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CFEM Seminar - Title:"Fairness in Machine Learning" | Michael Kearns | University of Pennsylvania

Wednesday, Apr 12, 2017 at 6:00 PM until 7:15 PM [.ics]
CFEM - 55 Broad Street, 3rd Floor, New York, NY 10004 - Broadcast to Rhodes Hall 267

This event requires an RSVP.


 Algorithms, including those that learn predictive models from historical data, are making increasingly consequential decisions about the lives of individual citizens in domains as diverse as advertising, credit, employment, education, and criminal sentencing. This trend has been accompanied by increasing concern and alarm over potential harms to social norms such as privacy, fairness, transparency and accountability. Recent research in machine learning seeks to quantify the extent that such social norms can actually be embedded algorithmically, and the trade-offs presented with predictive accuracy and other measures of utility. I will survey some of these developments, with a particular focus on what it might mean for machine learning to be fair.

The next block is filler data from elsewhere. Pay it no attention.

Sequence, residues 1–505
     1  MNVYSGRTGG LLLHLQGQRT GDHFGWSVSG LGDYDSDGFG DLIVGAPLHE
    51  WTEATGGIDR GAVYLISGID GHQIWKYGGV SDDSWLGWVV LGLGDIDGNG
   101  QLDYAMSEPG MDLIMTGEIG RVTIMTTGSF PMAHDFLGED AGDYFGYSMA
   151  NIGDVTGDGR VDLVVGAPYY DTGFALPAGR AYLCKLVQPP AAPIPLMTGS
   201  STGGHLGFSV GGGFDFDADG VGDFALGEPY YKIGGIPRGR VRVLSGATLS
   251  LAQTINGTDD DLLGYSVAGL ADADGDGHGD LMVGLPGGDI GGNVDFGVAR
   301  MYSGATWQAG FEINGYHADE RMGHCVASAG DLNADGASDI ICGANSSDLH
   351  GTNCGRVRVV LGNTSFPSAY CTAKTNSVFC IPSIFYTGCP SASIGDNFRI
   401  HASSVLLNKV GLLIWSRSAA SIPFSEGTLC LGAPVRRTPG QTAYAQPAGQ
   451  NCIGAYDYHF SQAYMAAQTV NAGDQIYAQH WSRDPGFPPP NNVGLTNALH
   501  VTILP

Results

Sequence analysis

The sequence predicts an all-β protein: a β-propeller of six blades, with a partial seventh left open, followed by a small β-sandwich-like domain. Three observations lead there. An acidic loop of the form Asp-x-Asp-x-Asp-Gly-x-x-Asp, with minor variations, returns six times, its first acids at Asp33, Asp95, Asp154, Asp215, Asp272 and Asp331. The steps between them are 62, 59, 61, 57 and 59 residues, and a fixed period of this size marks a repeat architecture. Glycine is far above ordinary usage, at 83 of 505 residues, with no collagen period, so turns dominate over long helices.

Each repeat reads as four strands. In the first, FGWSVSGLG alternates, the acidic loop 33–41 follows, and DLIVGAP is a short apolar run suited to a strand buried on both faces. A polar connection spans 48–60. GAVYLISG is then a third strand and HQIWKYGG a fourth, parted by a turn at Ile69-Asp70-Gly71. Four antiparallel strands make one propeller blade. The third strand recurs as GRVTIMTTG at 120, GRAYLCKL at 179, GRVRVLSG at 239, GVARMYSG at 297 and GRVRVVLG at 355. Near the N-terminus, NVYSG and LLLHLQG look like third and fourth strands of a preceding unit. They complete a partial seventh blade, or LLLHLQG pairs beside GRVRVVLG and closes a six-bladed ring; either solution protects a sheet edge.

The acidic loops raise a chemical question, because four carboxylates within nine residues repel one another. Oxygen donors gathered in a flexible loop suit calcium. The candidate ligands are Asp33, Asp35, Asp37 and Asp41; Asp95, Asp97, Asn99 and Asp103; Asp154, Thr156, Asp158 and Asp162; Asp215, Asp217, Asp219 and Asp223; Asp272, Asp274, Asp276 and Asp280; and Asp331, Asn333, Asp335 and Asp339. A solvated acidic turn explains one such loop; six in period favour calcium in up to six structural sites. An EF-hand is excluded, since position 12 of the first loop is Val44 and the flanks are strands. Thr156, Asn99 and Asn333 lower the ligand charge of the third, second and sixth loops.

Dr. Michael Kearns is Professor and National Center Chair in the Department of Computer and Information Sciences at the University of Pennsylvania, with secondary appointments in the departments of Economics, and in Statistics, and Operations, Information and Decisions of the Wharton School. Kearns is the Founding Director of Penn’s Warren Center for Network and Data Sciences, as well as the Penn Program in Networked and Social Systems Engineering.  His research includes topics in machine learning, algorithmic game theory, computational social science, and quantitative finance and algorithmic trading.  Kearns spent a decade at AT&T Bell Labs, where he was head of the AI department, which conducted a range of systems and foundational AI and machine learning research. He has consulted extensively in the technology and finance industries, and is currently Chief Scientist of MANA Partners, a New York trading and technology company. He studied math and computer science at UC Berkeley, and completed his Ph.D. in computer science at Harvard University in 1989. 

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